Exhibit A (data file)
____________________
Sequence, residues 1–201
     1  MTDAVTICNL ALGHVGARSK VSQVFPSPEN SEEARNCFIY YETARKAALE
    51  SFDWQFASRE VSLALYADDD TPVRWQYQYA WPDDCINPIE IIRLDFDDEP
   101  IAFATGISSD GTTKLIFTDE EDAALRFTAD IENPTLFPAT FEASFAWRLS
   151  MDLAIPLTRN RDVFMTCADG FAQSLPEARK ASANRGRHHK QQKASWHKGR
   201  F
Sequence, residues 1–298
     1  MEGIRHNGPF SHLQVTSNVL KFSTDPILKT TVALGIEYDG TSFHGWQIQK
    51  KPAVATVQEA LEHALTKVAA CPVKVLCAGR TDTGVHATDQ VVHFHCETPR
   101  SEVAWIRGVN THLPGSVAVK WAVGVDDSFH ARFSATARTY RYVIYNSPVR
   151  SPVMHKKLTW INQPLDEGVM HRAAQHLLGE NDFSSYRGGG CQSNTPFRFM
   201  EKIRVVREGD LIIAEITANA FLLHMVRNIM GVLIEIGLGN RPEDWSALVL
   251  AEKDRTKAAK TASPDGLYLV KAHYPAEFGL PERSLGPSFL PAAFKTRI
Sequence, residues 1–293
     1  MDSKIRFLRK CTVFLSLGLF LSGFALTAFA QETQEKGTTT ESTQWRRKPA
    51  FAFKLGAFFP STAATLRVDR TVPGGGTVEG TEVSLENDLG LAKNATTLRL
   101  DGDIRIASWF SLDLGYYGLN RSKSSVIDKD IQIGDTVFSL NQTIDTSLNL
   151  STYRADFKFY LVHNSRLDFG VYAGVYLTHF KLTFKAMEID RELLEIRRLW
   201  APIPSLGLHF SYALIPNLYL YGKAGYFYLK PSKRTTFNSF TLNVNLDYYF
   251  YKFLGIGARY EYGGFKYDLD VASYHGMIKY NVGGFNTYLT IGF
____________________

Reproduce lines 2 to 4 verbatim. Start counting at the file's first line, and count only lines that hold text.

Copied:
     1  MTDAVTICNL ALGHVGARSK VSQVFPSPEN SEEARNCFIY YETARKAALE
    51  SFDWQFASRE VSLALYADDD TPVRWQYQYA WPDDCINPIE IIRLDFDDEP
   101  IAFATGISSD GTTKLIFTDE EDAALRFTAD IENPTLFPAT FEASFAWRLS